4.2 Manna and Commandments. Let us return to the account of Moses. After receiving the Law of Manna, Moses then explained what the LORD commanded (“צִוָּה”) concerning the specific application of the Law of Manna (Exodus 16:8-21). Notice that the LORD revealed the specific commandment to Moses, who then communicated it to the people (Exodus 16:16). The people of Israel were to gather enough manna so that every person in the tent would have enough to eat. The LORD provided a specific commandment: you shall take an omer apiece, according to the number of persons each of you has in his tent. On the sixth day, they were to gather two omers per person. Notice that the commandment provided specific application of the law and quantified the amount as an “omer,” (about 2 quarts, a tenth of an ephah (Exodus 16:36). Therefore, in this passage, the term “My commandment” (“מִצְוֺתַי”) concerning the Law of Manna provided specifics about the application of “My law” (“תוֹרֹתָי”). In other words, the commandment was “gather an omer,” which specified the exact amount to obey the Law of Manna. 10See also Exodus 16:32.
4.3 Refuse. As the The LORD spoke with Moses concerning the manna, the LORD had stern words for Moses. In Exodus 16:28, the LORD confronted Moses: “How long do you refuse to keep My commandments (“מִצְוֺתַי”) and My law “? 11Some modern translations provide “My commandments and My instructions.” I believe the use of “My instructions” seriously misleads the reader and clouds the careful distinction the LORD used to differentiate law and commandment in that passage. Notice that the LORD distinguished “My commandments” from “My law.” The LORD required obedience to both the law and the commandment. General obedience to the law (collecting manna on six days) will not suffice if the people break the commandment (attempting to gather on the seventh day).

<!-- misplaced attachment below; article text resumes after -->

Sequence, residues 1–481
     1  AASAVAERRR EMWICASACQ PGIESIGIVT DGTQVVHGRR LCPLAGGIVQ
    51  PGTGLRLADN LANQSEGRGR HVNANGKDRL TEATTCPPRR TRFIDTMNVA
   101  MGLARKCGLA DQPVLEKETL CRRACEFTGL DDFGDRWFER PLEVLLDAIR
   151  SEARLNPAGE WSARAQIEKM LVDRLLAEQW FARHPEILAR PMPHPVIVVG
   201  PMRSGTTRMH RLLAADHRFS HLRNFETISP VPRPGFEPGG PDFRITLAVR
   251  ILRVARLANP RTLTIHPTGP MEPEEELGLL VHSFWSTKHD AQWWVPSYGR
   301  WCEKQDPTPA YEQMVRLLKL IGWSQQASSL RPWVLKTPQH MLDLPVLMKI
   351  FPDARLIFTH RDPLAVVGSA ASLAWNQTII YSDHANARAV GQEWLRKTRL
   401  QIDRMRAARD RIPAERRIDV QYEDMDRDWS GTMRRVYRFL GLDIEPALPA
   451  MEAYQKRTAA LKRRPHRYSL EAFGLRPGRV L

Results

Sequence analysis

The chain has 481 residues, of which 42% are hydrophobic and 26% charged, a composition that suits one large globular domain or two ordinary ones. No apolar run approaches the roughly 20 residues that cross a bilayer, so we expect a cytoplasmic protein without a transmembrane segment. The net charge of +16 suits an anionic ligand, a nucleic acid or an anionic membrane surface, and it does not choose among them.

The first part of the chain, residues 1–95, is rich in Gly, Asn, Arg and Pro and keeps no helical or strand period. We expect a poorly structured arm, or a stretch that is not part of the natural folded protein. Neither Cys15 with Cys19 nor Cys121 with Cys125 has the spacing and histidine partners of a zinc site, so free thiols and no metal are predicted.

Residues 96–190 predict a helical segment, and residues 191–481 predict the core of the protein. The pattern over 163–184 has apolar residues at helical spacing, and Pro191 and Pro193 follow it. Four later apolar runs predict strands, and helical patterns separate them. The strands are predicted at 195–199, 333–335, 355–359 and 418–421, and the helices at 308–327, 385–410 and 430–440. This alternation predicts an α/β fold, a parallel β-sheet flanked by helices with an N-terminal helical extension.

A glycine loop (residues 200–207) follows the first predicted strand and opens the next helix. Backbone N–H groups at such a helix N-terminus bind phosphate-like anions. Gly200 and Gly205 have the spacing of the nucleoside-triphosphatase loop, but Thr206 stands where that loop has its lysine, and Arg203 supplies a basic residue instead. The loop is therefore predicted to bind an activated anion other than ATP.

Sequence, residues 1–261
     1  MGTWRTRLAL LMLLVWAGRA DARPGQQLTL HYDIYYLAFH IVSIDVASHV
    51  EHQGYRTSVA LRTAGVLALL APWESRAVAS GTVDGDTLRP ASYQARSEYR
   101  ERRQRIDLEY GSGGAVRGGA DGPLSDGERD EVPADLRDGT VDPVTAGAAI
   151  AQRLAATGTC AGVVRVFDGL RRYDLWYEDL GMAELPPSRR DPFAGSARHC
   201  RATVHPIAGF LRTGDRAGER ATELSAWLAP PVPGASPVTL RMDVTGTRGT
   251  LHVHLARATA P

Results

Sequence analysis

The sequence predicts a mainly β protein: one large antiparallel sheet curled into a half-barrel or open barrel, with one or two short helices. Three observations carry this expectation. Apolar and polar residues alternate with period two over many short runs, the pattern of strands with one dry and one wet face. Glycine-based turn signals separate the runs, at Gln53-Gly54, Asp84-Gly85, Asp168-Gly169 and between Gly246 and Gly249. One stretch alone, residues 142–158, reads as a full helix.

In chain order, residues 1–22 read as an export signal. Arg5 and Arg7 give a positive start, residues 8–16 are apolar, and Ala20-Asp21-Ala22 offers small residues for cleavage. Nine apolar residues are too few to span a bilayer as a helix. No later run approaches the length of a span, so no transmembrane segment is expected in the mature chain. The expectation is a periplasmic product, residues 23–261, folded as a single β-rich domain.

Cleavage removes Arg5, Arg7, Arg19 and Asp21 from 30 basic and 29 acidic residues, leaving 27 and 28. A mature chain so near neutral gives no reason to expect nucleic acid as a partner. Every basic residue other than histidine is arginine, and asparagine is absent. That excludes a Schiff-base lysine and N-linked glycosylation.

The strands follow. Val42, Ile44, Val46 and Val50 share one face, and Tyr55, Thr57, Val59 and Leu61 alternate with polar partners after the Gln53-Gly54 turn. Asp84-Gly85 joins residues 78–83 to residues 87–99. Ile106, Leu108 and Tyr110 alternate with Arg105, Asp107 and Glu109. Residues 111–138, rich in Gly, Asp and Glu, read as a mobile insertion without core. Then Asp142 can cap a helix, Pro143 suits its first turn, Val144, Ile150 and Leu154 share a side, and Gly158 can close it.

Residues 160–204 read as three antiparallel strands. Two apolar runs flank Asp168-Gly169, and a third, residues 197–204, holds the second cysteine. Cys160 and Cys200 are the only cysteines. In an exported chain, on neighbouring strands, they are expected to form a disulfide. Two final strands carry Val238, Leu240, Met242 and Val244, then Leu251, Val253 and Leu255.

4.4 I Am the LORD. The Book of Leviticus also contains examples of commandments. In Leviticus 22:31, the LORD required the people “to keep (“וּשְׁמַרְתֶּם”) My commandments (“מִצְוֺתַי,”) and do them (“וַעֲשִׂיתֶם, אֹתָם”); I am the LORD.” The context here makes a difference. The LORD gave very specific commandments regarding very specific details containing animals offered for sacrifice. The level of detail includes a male without defects, such as blindness, eczema, scabs, overgrown, stunted, or other problems. Notice that people must “keep” the commandments, and “do them.” The commandments provided specific details about how to obey the law.